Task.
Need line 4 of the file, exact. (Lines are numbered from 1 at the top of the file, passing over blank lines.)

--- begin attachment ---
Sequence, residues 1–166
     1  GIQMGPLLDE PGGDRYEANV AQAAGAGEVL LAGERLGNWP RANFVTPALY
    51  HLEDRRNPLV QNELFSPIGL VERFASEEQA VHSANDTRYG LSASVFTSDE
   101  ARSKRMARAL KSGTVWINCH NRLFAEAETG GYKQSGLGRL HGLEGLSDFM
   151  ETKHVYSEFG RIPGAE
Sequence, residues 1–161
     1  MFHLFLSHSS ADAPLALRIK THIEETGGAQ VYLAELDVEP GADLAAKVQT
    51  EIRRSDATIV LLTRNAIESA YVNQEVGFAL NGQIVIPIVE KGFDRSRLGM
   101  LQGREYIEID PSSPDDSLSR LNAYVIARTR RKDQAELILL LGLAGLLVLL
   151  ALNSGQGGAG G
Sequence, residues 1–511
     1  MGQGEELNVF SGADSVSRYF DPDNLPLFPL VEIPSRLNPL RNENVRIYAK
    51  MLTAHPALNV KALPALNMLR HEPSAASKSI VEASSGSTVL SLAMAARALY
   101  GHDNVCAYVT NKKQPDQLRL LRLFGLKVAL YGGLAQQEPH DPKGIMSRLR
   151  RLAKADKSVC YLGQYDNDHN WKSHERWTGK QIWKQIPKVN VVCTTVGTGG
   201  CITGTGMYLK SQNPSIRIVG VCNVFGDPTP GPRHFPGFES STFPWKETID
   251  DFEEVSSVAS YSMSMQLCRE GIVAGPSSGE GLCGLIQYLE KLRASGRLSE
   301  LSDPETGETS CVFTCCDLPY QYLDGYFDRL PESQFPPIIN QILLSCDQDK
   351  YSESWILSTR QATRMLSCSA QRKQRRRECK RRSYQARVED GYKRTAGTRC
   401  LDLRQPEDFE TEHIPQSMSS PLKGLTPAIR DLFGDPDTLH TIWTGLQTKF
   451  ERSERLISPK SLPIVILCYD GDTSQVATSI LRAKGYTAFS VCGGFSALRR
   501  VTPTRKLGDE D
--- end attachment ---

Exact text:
   101  ARSKRMARAL KSGTVWINCH NRLFAEAETG GYKQSGLGRL HGLEGLSDFM